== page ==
By Whitney Vickers
FAIRBORN – Council members unanimously voted to rezone the CEMEX property from agricultural land to mining use after agreeing to wave the third reading during its latest council meeting Monday, following the public hearing.
Members said they felt the heaviness of their decision, and took the process seriously. However, explained after the vote that they felt their decision was best for the community as a whole.
“I’m going to say this right to the CEMEX folks: I’m going to hold your feet to the fire,” Mayor Dan Kirkpatrick said. “You have done a fantastic job for the City of Fairborn in the past, we expect you to continue that.”
They emphasized the amount of time they’ve spent working on the matter, and took information received from each party into account.
“Given everything we’ve heard, tonight and for months now, I’ve been working on this for roughly nine months, I can find no proof to the accusations made against this proposition,” Councilwoman Marilyn McCauley said. “For the bettermeant of our community as a whole, I feel like we’ve made the best decision possible tonight.”
She looked for proof on each side in regards to her decision.
“We’ve all spent a lot of time and effort in the process,” McCauley said. “We’ve listened, and listened and listened; we’ve read numerous articles and information given to us by certain groups of folks. Three times I’ve asked for proof of home damage, ectetera, and could never get that proof from those folks who had that concern.”
Councilman Tim Steininger felt that his decision did not come in a light manner.
“I listened to all the research I could, listened as a citizens, contemplated the impact to the city,” Steininger said. “There are no guarantees in life, there are no guarantees of any kind here. What we are saying is that this is the best decision I can make for the city at this time. Therefore, I voted the way that I did.”
Councilwoman Donna Wilson spoke with various individuals and asked questions throughout her decision-making process, including the Ohio Department of Natural Resources in regards to the reputation CEMEX carries. In the process, she said she realized how much land within the city used to be a quarry.
“I was highly surprised that the high school was a quarry, many residential areas were a quarry, the baseball and football field was a quarry and community park … I would never have known,” Wilson said.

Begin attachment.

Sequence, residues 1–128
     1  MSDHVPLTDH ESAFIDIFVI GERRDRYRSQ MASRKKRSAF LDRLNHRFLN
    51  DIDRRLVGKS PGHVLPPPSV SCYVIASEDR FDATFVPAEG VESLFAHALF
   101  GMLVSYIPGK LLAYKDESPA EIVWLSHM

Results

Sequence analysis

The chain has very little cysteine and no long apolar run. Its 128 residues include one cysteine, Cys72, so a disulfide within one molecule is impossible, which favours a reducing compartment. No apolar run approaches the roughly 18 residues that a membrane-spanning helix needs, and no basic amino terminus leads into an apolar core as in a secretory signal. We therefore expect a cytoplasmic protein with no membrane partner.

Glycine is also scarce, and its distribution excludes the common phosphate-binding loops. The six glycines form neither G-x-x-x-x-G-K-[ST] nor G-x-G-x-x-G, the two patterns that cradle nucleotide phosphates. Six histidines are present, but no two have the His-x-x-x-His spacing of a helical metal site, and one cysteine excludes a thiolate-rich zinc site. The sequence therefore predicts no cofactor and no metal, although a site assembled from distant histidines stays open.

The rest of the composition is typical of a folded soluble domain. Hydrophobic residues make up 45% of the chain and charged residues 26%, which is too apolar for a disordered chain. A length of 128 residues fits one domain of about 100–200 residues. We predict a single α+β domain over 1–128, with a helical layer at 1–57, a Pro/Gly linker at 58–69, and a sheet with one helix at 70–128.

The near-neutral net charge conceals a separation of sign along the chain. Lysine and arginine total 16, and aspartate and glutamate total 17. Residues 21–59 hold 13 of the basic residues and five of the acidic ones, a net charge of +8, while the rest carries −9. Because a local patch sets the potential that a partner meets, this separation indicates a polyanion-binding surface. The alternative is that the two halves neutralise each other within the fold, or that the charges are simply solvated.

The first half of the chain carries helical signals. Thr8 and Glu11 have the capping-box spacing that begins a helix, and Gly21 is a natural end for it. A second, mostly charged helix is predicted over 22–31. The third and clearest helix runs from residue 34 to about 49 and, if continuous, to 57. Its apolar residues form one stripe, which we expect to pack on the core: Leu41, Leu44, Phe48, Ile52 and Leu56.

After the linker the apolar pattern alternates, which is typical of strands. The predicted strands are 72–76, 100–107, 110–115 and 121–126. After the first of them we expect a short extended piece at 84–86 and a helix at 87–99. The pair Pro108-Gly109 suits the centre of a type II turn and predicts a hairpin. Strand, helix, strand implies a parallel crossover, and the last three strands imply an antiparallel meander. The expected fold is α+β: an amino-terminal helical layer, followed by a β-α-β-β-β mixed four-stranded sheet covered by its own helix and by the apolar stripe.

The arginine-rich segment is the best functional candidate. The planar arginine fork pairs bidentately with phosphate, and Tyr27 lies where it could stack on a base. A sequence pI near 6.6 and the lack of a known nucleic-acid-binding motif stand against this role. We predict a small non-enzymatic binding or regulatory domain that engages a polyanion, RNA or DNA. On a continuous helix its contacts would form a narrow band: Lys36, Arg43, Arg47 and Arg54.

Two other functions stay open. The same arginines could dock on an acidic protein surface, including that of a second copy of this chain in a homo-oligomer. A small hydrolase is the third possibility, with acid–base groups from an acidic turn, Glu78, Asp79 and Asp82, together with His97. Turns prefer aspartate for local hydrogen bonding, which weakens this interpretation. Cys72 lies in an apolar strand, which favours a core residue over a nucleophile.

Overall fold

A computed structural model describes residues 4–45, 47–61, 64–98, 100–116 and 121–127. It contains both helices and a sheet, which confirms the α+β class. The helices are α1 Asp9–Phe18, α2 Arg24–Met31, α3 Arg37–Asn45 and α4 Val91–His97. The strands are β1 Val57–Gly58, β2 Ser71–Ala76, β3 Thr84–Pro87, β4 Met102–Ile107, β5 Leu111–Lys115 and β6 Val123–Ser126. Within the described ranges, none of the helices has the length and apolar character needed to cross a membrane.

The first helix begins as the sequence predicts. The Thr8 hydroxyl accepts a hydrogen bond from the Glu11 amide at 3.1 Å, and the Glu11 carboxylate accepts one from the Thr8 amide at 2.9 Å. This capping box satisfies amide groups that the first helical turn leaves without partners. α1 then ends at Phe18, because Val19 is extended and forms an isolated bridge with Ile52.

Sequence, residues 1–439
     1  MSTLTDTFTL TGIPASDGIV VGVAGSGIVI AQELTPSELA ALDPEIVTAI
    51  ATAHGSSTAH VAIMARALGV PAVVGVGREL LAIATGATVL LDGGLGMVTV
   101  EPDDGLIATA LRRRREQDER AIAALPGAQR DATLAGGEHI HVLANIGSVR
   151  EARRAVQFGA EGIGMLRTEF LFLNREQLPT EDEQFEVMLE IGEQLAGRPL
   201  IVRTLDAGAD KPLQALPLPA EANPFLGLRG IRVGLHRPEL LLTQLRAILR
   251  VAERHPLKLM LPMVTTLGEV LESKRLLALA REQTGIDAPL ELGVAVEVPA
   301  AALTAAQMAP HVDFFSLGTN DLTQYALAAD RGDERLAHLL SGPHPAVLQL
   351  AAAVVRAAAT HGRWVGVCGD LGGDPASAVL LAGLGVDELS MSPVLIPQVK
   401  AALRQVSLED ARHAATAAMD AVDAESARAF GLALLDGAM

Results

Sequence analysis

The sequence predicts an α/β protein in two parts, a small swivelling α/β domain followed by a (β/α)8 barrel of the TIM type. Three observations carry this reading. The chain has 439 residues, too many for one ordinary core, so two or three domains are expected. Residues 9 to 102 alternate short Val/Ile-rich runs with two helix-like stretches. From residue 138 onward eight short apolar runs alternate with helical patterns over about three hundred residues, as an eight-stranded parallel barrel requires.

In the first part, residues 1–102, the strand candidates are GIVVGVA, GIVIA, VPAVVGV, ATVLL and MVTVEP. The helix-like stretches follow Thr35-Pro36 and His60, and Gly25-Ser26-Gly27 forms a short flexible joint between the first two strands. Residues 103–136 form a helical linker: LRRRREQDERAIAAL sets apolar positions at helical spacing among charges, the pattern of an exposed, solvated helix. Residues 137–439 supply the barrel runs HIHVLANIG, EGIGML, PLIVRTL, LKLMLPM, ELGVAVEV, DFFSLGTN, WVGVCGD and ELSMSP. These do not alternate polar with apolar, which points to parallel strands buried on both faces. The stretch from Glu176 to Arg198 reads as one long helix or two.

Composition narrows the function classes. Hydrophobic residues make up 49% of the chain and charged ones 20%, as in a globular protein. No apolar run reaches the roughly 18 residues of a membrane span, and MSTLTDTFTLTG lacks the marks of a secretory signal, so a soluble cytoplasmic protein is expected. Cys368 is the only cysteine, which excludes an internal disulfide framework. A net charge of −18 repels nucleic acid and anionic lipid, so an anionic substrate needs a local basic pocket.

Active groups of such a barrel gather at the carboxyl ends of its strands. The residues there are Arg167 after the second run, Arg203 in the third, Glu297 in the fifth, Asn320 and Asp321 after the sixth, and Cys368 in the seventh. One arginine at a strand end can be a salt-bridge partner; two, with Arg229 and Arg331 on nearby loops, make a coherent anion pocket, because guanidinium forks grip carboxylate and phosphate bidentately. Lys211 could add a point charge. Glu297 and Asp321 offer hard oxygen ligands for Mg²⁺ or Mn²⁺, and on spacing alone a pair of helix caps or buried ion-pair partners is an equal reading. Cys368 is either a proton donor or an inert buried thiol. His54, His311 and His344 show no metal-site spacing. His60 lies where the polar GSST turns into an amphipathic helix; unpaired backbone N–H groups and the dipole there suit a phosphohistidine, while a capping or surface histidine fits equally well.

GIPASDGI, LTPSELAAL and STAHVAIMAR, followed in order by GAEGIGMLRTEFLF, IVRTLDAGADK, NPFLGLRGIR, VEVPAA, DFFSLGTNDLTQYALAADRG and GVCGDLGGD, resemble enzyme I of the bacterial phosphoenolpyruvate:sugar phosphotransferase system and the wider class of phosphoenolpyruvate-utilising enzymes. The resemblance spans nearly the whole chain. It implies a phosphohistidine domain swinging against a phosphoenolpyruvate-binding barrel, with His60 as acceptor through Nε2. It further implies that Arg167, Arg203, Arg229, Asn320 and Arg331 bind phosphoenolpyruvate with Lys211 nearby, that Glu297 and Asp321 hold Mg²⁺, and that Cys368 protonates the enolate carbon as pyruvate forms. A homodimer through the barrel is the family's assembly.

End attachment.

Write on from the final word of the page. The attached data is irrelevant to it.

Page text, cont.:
Kirkpatrick emphasized how stressful of a decision it was, and said he lost sleep over the matter.
“I’ve met with private citizens, I’ve met with CEMEX; I’ve met with people who were against it, I’ve met with people who are for it, and I think you all realize this was not an easy answer for any of us,” Kirkpatrick said. “I’ve agonized and woken up at two o’clock in the morning, jotting notes and thinking of questions I would ask and concerns I would have. I hope everyone understands how difficult of a decision this was.”
He appreciated hearing from President Robert McClure of R.A. McClure Inc. (a company that offers explosive education and technical services) during the meeting, and felt concerned in regards to the blasting, and understood the worries of the residents.
“I know it can be done safely, and we’re going to hold CEMEX to the standard to make sure it remains safe,” he said. “We really want our citizens to let us know if there are any violations or questions.”
Kirkpatrick saw the silver lining in the matter being the communication that took place between citizens, the city and the company, and hopes to continue the dialogue in the future.
“I want to applaud everyone who came out tonight, whether they were for it or against it,” he said. “This is what makes our country great – we have the freedom and the ability to speak our mind. We may not always agree with each other, but we can walk out of here with our heads held up and we can work together for the future … We really need to have that dialogue, that communication so that we can be on good terms with each other. This was not an easy decision, and I want to thank everyone who came out.”